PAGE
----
Printed on the wall and in a shop window are the words;
We will collect clip bath and return your dog;
Cigarettes and tobacco
It’s amazing how Dylan can and could take the simplest of things, a simple sign on a wall and in a shop window and turn it into what could be nonsense or poetry, depending on who is doing the reading or the looking but whatever the matter, Dylan’s cleverness, his too-clever-by-halfness cannot be denied. The opening of Part 2 of the Scorsese interview shows a rarely happy and goofy Dylan, goofing off for his own amusement to be sure and just caught by the camera… From the sign he spins, and quickly…
I want a dog that’s going to collect and clean my bath
return my cigarette and give tobacco to my animals
and give my birds a commission.
I want, I’m lookin’ for somebody to sell my dog
collect my clip, buy my animal and straighten out my bird.
I’m lookin for a place that can baaathe my bird
buy my dog, collect my clip, sell me cigarettes and commission my bath.
I’m lookin for a place that’s gonna sell my dog, burn my bird and sell me for a cigarette
bird my buy collect my will and bathe my commission
I’m lookin for a place that’s gonna animal my soul, mit my return, bathe my foot and collect my dog, commission me, sell my animal to the bird to clip and buy my bath and return me back to the cigarettes.
Dylan is clear about his influences and who he liked, talking about Martin Luther King and how he was “close that day.” Dylan identified himself with those who were protesting what was happening all around them and although he may have denied being a protest singer in the past and intended it this time as a sarcastic comment, he nonetheless hit the nail on the head.
How can anyone listen to “A Hard Rain’s a Gonna Fall” without hearing protest in every word and it doesn’t take much to interpret the song and though as Dylan says and has maintained, the song isn’t about nuclear rain or atomic fall-out, it’s just “a hard rain” — that something was about to come down and it would be hard and tough.
Dylan says, “I was never a topical songwriter to begin with and that never really applied to me” – so when he says protest songs, perhaps she means he is protesting the labels put on him. He is nobody’s “leftwing servant” according to Ginsberg and wouldn’t’ “give the same thing over and over again” says Suze Rotolo. But Dylan always did and still does identify himself as an outsider he says – and he was and is. And this is why he refuses all labels. One thing he does say in an early interview is this, “All my songs are protest songs… that’s all I do is protest” which can be interpreted any number of ways, even as protesting against being labeled or codified or put into some genre in which he feels uncomfortable. In this regard, Dylan is slippery and will fall right out of your grasp just when you think you can define him or assign a genre and why not? It certainly keeps him interesting and is his absolute right; too long have too many tried to claim Dylan as their own, it’s hardly surprising he grew weary of being the “people’s Dylan” and not his own Dylan.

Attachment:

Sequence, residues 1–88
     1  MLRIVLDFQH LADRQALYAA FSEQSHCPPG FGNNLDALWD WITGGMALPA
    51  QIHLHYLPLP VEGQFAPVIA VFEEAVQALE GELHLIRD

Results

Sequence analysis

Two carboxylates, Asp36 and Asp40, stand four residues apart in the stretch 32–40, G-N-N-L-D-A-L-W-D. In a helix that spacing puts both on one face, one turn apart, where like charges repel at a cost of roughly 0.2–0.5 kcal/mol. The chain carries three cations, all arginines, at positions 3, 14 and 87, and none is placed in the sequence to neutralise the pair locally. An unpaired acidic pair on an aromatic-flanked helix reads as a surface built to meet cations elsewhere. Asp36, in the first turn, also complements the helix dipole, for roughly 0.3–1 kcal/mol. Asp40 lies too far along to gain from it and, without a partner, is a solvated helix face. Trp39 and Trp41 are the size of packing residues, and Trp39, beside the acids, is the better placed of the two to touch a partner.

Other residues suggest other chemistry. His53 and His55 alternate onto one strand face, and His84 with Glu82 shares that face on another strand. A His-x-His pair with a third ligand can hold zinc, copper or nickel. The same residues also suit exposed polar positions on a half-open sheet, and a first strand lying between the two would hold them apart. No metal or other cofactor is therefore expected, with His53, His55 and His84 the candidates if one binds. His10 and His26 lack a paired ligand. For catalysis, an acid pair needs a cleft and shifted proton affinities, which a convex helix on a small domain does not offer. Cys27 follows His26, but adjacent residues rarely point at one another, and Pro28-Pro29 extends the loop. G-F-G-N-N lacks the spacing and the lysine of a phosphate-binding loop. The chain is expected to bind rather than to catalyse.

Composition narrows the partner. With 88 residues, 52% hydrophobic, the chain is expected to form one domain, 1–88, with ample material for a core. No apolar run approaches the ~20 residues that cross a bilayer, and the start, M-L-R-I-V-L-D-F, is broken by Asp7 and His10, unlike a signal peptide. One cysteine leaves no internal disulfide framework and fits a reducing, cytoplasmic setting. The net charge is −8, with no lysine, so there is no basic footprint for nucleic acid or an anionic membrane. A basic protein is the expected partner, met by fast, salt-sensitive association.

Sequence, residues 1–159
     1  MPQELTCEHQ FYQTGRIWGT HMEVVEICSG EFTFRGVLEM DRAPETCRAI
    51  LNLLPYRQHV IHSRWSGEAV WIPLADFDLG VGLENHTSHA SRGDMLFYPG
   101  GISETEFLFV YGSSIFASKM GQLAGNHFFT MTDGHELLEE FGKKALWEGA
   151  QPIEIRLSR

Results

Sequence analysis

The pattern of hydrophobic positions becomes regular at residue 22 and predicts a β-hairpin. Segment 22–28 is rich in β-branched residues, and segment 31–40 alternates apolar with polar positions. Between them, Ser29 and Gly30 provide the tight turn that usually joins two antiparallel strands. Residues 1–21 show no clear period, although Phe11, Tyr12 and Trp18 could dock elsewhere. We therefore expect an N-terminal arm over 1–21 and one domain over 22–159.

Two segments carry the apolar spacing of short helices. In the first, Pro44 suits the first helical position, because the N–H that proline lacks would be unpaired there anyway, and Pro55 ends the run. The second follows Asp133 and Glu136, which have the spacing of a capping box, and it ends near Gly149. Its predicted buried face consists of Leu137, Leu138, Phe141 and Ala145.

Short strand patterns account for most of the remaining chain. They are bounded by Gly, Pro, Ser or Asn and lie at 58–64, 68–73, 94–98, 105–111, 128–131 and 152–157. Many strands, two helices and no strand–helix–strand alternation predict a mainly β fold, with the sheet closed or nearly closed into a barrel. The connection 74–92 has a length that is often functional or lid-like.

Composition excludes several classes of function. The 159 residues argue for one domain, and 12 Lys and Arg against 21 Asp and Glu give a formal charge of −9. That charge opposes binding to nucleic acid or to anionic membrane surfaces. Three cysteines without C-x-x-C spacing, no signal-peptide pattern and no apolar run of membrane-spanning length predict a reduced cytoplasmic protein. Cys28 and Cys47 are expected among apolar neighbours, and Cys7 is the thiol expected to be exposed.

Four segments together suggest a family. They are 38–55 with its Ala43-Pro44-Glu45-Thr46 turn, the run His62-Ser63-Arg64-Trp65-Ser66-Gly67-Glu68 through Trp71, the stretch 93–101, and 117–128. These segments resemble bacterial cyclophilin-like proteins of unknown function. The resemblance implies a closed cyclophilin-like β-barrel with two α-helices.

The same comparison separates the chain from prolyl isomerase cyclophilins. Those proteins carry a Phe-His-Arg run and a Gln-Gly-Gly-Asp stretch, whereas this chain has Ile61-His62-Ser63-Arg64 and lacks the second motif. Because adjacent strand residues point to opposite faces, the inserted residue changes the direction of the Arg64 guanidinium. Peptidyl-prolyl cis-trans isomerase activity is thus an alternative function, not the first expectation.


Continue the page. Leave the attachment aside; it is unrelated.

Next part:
He may have come to New York, he may have brought his own special brand of music and sound and all of this he did do, but Dylan never promised us anything and certainly never swore to any one group or side regardless of what people may have wanted or how they wished to pigeonhole him. Is it understandable that he would be categorized for certain songs – sure. They fit a certain bill and spirit of the time and picked up the spirit of protest, of folk, of peace, but Dylan had and has every right to change, morph and doubtless he doesn’t need my or your anyone else’s permission to so. Like anyone, Dylan has a life that has a pattern and a rhythm all its own.
“You are constantly in a state of becoming and as long as you can stay in that realm, then you’ll be alright,” he says in the interview. We got in the door “when no-one was looking” and from then on “there was nothing anyone could do about it” he tells us almost wickedly as if he had gotten away with something. He’s playful, funny, charming this Dylan.
In one clip on the Steve Allen shoe, Steve Allen reads from press-clippings to an embarrassed Dylan about his “genius.” Dylan, for all of his hard work, had succeeded. His mythmaking had worked. He had at last become the idol he always knew he would be and had created the reverence he so seemed to want, as one commentator says, and everybody wanted to sleep with Bobby, get high with Bobby or whatever. He was like a magnet, he says.
Did Dylan recognize his enormous power? That’s a tough question to answer. It seems doubtful that he could not have noticed or known and perhaps part of his shyness, his reticence that was to come in later years and that seemed to start in the sixties (if not before), was his own fame and surprise, although for someone who predicted his own fame, it seems odd that he would then be so reticent about it.
One could write so much more about the Scorsese interview and footage. To be sure, don’t just settle for having seen it once. Buy the discs from Amazon and buy the soundtrack that accompanies it because both are well worthwhile. If Eat The Document and Don’t Look Back show us the Dylan of the mid-sixties, the Scorsese interview shows us the Dylan of the then and now and puts the whole picture into perspective, not only with Dylan himself as the interviewee (coherent, present, interested and engaged and refreshing), but with others from Dylan’s past filling in the missing pieces.
Watch again and see how much there is to see.Powered by Sidelines